Critique partners

I haven’t done much work on Pawn to D8 this week. I’ve been working on some non-fiction stuff: a report for some biology-related surveys I did last month, and some short-notice revisions for the moth field guide. We sent them the manuscript expecting that the accounts would lay out a certain way, but when they plugged everything in the book was about a third longer than the target (800 pages instead of 600). So we were asked to shorten the accounts where possible and get the manuscript back to them; we had a week’s turnaround for 1500 accounts.

The Opal Magestone is out with (or has been out and come back from) critiquers. I’m waiting to receive all those back before getting started on another round of revisions. This is the first time I’ve had critique partners, and wow. The feedback I’ve been getting back from them has been invaluable. Lots of things that I hadn’t thought of, or hadn’t noticed. And, of course, lots of positive support, too.

Do you remember the first time you walked through your current home? Your first impressions, how it looked to your brand new eyes? It’s hard to call that feeling back up once you’ve lived there a while. After a year or two you look past the flaws and only see the good things. You forget that the patio stones are all uneven and you just think about how pleasant it is to sit in the shade on your patio set. You stop seeing the worn carpet in the living room and only remember the dog curled up at your feet while you and your partner snuggle up for a movie.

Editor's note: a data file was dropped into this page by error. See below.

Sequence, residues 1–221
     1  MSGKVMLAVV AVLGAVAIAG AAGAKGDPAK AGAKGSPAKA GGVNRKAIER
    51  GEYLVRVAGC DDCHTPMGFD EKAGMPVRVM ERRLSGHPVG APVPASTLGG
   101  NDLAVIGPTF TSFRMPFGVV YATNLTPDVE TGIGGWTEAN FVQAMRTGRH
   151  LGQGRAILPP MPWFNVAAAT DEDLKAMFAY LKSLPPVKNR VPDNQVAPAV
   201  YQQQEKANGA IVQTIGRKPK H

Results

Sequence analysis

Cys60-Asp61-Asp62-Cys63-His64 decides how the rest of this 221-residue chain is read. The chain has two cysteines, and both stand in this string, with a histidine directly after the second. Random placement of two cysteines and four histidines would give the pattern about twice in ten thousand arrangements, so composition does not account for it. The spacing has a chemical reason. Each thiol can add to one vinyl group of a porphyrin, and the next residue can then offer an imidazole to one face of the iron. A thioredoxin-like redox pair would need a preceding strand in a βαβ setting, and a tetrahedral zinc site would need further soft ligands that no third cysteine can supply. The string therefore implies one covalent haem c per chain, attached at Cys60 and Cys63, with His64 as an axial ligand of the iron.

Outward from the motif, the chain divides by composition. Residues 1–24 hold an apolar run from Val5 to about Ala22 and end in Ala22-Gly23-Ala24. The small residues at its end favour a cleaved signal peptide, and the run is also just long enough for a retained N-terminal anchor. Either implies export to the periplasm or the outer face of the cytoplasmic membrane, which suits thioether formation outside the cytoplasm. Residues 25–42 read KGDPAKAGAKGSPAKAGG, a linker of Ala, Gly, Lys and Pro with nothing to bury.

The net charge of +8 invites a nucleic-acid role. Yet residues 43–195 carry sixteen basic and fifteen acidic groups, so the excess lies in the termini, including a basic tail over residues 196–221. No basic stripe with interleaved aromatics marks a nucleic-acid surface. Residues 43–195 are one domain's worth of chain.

A book’s like that. Once you’ve been with it for a while it gets harder to see the flaws. And every house, and every manuscript, has flaws (some houses more than others), though with a lot of elbow grease you can tidy up most of them. Your critique partner is your new eyes, someone who can see the house for what it is without the bias of having lived in it. A good critique partner will of course see past the flaws, like the difference between a buyer who walks through and sees only a worn house, and one who sees potential. And they’ll tell you what renos will help bring out the beauty that hides there.

I found all my current critique partners through Nathan Bransford’s Connect with a Critique Partner forum. I also recently learned about Ladies Who Critique, which is a site dedicated to helping people find partners – like a personals for writers. Haven’t tried it, but it looks like it could be great.

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